The values for PC and JUMP/JUMPI start with 0 and are within the code section. We considered keeping PC/JUMP/JUMPI values to operate on the whole container and be consistent with CODECOPY/EXTCODECOPY but in the end decided otherwise. It looks to be much easier to propose EOF extensions that affect jumps and jumpdests when JUMP/JUMPI already operates on indexes within code section only. This also feels more natural and easier to implement in EVM: the new EOF EVM should only care about traversing code and accessing other parts of the container only on special occasions (e.g. in CODECOPY instruction).

Backwards Compatibility

This is a breaking change given that any code starting with 0xEF was not deployable before (and resulted in exceptional abort if executed), but now some subset of such codes can be deployed and executed successfully.

The choice of magic guarantees that none of the contracts existing on the chain are affected by the new rules.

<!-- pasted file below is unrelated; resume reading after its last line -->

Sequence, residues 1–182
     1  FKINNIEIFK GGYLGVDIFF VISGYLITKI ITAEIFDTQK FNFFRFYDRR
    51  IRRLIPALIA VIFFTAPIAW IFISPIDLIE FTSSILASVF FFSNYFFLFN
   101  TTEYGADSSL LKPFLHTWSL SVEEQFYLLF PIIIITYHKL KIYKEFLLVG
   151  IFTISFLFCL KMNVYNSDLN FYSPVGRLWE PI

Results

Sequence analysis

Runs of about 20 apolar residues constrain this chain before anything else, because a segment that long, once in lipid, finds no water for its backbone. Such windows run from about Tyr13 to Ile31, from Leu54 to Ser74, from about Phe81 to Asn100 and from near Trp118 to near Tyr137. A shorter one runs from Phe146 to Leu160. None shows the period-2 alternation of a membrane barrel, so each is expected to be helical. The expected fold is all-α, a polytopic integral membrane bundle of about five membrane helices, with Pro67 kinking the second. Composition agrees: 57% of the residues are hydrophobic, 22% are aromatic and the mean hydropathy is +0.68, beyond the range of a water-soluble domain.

Test Cases

EOF validation

Valid cases

  • Code section without data section
  • Code section with data section

Invalid cases

These cases use 00 as magic.

Bytecode Validation error
EF No magic
EFFF01010002020004006000AABBCCDD Invalid magic
EF00 No version
EF0000010002020004006000AABBCCDD Invalid version
EF0002010002020004006000AABBCCDD Invalid version
EF00FF010002020004006000AABBCCDD Invalid version
EF0001 No header
EF000100 No code section
EF000101 No code section size
EF00010100 Code section size incomplete
EF0001010002 No section terminator
EF000101000200 No code section contents
EF00010100020060 Code section contents incomplete
EF0001010002006000DEADBEEF Trailing bytes after code section
EF00010100020100020060006000 Multiple code sections
EF000101000000 Empty code section
EF000101000002000200AABB Empty code section
EF000102000401000200AABBCCDD6000 Data section preceding code section
EF0001020004AABBCCDD Data section without code section
EF000101000202 No data section size
EF00010100020200 Data section size incomplete
EF0001010002020004 No section terminator
EF0001010002020004006000 No data section contents
EF0001010002020004006000AABBCC Data section contents incomplete
EF0001010002020004006000AABBCCDDEE Trailing bytes after data section
EF0001010002020004020004006000AABBCCDDAABBCCDD Multiple data sections
EF0001010002020000006000 Empty data section
EF0001010002030004006000AABBCCDD Unknown section (id = 3)